Kissimmee, FL — On May 8, at Kissimmee Middle School, a 13-year-old boy and his mother were meeting with the school resource officer, officer Mario Badia.
The meeting followed a domestic disturbance at the home of the boy. During that meeting, Badia claimed that the 13-year-old attacked him and that he had to use force.
However, after school officials saw the surveillance footage of the incident, they called the Kissimmee Police Department. According to the department, they launched an internal investigation and found probable cause to arrest Badia and charged with child abuse.
According to the arrest affidavit,
Badia tried to get the boy’s attention by reaching for his chin so he would look in his direction.
Police said the boy stepped away from Badia and reacted to the hand coming at his face by trying to block it with his arm.
Badia then shoved the boy in the chest, knocking him off balance, according to the report. Surveillance video allegedly shows Badia body slam the boy, who was not resisting, along with yelling at him.
In an interview with WKMG, resident, Ezekiel Morgan explained that Badia was confrontational and would often get in the face of other students.
“He’s disrespectful, he doesn’t know how to talk to these kids, so I’m glad that happened to him,” explained Morgan.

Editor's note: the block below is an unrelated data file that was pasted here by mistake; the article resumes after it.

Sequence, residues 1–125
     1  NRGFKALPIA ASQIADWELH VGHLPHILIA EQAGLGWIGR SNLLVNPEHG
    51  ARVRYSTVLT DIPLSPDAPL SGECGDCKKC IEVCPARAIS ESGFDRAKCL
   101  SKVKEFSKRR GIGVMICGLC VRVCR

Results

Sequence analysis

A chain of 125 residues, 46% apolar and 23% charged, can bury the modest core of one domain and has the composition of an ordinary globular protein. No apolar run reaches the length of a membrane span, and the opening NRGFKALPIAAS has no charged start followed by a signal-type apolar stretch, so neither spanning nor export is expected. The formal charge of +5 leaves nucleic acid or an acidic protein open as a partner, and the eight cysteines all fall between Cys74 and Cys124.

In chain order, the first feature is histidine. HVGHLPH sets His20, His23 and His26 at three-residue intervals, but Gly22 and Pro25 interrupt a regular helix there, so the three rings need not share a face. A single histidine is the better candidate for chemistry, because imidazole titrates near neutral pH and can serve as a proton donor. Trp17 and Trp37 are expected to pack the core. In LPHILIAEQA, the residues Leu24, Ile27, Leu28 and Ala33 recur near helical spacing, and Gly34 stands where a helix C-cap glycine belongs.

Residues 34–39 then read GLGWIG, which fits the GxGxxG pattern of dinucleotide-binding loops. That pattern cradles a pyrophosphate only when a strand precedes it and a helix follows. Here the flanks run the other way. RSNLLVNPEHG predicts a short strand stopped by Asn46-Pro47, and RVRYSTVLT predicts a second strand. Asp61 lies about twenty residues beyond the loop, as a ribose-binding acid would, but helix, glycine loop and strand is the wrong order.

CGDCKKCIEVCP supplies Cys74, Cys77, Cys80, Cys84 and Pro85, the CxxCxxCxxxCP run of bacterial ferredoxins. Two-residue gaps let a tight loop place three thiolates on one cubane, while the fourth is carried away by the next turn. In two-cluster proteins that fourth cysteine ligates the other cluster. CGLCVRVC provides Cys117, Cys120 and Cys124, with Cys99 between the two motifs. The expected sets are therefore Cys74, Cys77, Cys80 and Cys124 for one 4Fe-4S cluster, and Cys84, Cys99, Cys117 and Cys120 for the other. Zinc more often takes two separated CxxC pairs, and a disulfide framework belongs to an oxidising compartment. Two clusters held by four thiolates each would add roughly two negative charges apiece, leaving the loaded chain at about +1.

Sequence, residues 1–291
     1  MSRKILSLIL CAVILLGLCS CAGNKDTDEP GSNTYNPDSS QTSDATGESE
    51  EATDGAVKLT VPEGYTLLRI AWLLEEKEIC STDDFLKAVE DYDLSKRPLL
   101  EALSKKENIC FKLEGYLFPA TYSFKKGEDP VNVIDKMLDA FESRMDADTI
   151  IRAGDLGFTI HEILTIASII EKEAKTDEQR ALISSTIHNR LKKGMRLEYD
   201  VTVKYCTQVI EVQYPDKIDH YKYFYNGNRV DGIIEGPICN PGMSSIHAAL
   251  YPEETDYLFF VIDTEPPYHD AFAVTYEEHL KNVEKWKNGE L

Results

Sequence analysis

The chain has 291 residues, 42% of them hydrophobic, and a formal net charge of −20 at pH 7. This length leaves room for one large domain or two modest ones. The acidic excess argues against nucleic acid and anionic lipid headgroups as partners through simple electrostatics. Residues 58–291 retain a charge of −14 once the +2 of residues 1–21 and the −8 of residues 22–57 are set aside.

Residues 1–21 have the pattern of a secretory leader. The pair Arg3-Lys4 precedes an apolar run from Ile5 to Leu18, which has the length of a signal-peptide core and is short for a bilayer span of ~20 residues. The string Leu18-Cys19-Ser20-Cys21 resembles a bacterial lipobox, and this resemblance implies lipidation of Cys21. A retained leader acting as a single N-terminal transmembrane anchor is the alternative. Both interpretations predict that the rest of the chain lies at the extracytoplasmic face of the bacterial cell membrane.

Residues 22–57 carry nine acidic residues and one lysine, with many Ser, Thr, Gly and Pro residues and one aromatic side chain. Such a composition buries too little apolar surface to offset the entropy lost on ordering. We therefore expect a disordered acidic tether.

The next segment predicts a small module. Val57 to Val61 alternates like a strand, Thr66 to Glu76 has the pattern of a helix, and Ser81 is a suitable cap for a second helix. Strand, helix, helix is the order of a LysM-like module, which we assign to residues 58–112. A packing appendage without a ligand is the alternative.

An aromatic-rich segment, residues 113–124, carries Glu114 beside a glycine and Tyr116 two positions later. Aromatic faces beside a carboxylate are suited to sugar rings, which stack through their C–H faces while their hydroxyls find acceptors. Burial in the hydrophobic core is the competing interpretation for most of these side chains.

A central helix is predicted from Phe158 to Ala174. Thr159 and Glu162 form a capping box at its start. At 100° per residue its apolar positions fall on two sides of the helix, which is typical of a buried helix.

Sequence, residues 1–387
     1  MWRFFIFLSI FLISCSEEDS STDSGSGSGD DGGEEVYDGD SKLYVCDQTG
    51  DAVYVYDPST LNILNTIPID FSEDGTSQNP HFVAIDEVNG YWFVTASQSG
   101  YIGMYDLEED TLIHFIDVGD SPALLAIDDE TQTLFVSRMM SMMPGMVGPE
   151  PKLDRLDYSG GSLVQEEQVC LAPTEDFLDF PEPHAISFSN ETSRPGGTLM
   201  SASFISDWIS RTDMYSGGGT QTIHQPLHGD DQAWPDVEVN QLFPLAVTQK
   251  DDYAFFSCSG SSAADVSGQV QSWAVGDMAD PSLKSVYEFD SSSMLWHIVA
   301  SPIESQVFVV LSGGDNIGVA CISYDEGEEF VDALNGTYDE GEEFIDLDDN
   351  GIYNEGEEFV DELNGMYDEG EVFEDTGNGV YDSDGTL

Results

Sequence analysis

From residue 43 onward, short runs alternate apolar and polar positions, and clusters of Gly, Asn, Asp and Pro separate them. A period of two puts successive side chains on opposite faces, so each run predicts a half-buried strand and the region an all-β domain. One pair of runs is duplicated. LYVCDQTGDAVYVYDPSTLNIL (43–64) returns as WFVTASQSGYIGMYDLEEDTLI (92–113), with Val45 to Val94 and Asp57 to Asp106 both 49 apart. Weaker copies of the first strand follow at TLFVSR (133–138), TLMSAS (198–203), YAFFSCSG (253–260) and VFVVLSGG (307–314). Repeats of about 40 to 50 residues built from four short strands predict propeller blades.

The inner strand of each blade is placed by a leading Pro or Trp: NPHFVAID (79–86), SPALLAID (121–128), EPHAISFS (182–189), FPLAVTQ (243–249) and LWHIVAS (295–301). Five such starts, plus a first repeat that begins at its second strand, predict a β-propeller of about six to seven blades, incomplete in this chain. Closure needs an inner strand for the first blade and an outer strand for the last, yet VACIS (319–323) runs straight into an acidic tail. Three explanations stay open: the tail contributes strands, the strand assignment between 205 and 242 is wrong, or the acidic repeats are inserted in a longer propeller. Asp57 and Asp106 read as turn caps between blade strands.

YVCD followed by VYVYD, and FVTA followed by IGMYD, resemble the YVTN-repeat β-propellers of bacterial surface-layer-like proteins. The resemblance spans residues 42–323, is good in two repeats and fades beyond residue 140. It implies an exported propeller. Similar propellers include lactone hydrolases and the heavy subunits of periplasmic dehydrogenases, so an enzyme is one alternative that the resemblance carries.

Badia was booked into the Osceola County Jail and his bond was set at $5,000. He immediately posted the bond and has been placed on paid vacation, pending the results of the pending criminal and internal investigation.
Apparently the video of Badia brutally assaulting a child wasn’t enough to get this officer fired, or even suspended without pay.
Police officers in schools are proving to be a nightmarish reality in the US. Just in the last year we’ve seen a school cop who raped 22 boys.
We’ve seen an autistic 6th grader assaulted by a cop become a convicted felon for kicking a trashcan at school.
Even small children are not immune to the abuse from police officers in schools. This was illustrated by the case of 8-year-old Colton Granito, who has autism, who was arrested, put in a straight jacket, locked in a cage and sentenced to probation for an episode at his school.